Fork In The Road
Height: 68 in
Width: 58 in
Depth: 2 in
Historically, the papermaking process was first documented in China during the Eastern Han period (25-220CE). While papermaking precursors do exist in the Mediterranean, papyrus and parchment are not considered true “paper,” which is created from a combination of milled plant and textile fibers, but simply other substrates for writing. Today, most paper is manufactured and the craft of creating handmade paper is still considered an artform that follows traditional steps. First, pulped fibers, such as wood, rice, plants, and cotton, are mixed with water in a deep vat and extracted using a wire mesh tray that is dipped into the vat until the desired paper thickness is achieved. Then the wire mesh is placed in a wooden frame, called a deckle, to create the shape of the paper. Once the shape is formed and the pulp mostly dry, the paper is sandwiched between two pieces of felt to complete the drying process.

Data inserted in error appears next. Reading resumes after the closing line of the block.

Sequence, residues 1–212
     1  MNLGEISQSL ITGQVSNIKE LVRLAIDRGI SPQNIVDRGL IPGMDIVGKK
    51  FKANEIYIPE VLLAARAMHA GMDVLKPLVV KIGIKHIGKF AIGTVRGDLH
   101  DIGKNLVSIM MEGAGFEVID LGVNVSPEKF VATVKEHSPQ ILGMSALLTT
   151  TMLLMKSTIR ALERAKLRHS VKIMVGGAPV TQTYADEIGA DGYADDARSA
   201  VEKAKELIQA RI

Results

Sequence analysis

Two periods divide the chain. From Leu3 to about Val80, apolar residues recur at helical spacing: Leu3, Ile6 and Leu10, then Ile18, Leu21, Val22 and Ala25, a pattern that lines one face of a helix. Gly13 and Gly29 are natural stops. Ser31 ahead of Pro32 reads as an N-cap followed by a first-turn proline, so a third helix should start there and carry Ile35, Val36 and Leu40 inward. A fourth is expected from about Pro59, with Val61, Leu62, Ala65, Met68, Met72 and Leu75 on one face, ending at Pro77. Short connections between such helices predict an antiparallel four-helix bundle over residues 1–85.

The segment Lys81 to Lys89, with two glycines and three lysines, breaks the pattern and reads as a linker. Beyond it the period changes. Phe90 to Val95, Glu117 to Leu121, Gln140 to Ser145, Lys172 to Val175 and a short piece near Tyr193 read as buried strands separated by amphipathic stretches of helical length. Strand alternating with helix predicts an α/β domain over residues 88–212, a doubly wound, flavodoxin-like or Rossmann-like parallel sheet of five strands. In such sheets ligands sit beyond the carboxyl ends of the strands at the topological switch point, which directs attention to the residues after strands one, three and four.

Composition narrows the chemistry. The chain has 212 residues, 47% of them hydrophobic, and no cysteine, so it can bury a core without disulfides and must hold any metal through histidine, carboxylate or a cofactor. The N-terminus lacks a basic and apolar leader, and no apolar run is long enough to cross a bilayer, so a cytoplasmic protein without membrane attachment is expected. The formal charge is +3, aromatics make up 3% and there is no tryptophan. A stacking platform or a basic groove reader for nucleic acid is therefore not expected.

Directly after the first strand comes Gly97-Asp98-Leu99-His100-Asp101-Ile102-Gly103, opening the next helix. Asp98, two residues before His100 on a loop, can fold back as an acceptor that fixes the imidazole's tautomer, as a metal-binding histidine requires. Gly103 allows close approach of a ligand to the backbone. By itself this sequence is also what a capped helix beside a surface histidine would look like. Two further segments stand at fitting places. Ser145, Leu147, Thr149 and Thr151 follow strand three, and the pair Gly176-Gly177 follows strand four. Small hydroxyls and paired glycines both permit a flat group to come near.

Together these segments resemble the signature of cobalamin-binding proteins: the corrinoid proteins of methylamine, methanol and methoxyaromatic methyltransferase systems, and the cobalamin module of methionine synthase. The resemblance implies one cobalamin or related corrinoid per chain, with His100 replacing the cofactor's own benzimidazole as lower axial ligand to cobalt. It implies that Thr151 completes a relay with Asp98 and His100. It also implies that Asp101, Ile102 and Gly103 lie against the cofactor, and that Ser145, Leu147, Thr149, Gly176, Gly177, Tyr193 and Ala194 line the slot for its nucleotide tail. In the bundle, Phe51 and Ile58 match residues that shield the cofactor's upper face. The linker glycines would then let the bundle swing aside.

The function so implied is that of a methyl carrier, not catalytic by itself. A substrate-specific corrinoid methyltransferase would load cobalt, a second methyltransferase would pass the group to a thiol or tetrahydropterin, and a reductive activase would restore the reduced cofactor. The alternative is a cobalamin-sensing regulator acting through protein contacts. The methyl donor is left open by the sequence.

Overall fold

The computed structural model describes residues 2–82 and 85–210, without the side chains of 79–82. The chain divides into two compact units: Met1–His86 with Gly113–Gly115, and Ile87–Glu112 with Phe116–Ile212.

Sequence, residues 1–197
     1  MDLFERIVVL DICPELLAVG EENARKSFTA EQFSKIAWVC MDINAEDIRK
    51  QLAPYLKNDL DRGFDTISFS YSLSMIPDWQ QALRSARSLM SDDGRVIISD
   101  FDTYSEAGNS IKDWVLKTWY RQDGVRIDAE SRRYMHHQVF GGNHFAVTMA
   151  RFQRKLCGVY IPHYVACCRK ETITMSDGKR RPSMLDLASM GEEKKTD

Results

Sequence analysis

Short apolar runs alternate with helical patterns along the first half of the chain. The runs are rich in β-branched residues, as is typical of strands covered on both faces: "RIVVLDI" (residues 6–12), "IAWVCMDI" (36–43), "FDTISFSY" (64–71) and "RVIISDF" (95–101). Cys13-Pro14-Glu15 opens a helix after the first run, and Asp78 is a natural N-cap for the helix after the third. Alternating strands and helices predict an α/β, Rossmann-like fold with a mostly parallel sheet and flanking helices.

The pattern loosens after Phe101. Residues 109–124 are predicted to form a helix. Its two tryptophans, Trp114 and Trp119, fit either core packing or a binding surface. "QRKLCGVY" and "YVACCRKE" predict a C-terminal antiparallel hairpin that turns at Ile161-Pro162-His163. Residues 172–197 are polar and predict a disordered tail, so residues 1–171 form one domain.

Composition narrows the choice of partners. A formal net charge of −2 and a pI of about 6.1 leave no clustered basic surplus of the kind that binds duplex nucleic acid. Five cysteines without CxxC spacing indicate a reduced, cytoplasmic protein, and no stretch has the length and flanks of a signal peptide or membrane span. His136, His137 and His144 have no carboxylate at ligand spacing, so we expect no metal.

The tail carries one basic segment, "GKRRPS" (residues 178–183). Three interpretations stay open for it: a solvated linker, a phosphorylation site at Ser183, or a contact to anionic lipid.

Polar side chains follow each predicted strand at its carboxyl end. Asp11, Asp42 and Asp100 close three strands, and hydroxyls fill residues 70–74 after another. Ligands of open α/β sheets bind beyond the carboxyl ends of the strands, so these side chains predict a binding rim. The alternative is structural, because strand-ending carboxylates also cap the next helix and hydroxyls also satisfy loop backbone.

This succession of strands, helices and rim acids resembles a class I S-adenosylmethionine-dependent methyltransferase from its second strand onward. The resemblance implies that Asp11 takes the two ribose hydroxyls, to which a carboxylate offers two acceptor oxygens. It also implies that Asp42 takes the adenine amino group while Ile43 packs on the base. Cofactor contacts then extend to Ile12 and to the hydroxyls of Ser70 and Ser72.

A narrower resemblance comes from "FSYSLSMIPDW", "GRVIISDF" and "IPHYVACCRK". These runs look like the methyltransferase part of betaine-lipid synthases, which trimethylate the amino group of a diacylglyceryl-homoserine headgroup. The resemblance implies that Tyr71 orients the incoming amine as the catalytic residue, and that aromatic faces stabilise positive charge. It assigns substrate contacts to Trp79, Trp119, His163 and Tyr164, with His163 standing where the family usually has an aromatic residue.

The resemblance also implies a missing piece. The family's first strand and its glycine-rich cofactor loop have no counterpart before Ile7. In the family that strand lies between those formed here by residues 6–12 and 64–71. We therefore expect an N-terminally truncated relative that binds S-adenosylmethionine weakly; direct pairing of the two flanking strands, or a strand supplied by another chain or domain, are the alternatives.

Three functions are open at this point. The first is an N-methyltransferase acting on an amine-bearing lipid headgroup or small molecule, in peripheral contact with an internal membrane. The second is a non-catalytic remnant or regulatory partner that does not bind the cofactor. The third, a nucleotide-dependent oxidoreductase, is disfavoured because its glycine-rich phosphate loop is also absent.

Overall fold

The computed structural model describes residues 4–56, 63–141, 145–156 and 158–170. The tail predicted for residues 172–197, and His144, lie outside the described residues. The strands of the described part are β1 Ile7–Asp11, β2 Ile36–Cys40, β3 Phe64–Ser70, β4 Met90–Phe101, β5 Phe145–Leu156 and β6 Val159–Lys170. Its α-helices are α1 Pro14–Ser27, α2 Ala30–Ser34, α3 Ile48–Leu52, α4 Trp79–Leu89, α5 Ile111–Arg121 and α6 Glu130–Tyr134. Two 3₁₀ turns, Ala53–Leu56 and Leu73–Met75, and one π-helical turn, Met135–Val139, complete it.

This work of art was created by combining hundreds of small sectioned handmade and dyed pieces of paper and arranged to create the artist’s desired shape. Each section was fastened together using wire and glue creating this large shape that resembles a forked path or road.
The hundreds of handmade paper sections are an analogy of individual decisions leading to a crossroad in life; two paths meeting to create a fork in the road providing time to reflect on past decisions and look forward in choosing the right path for the future.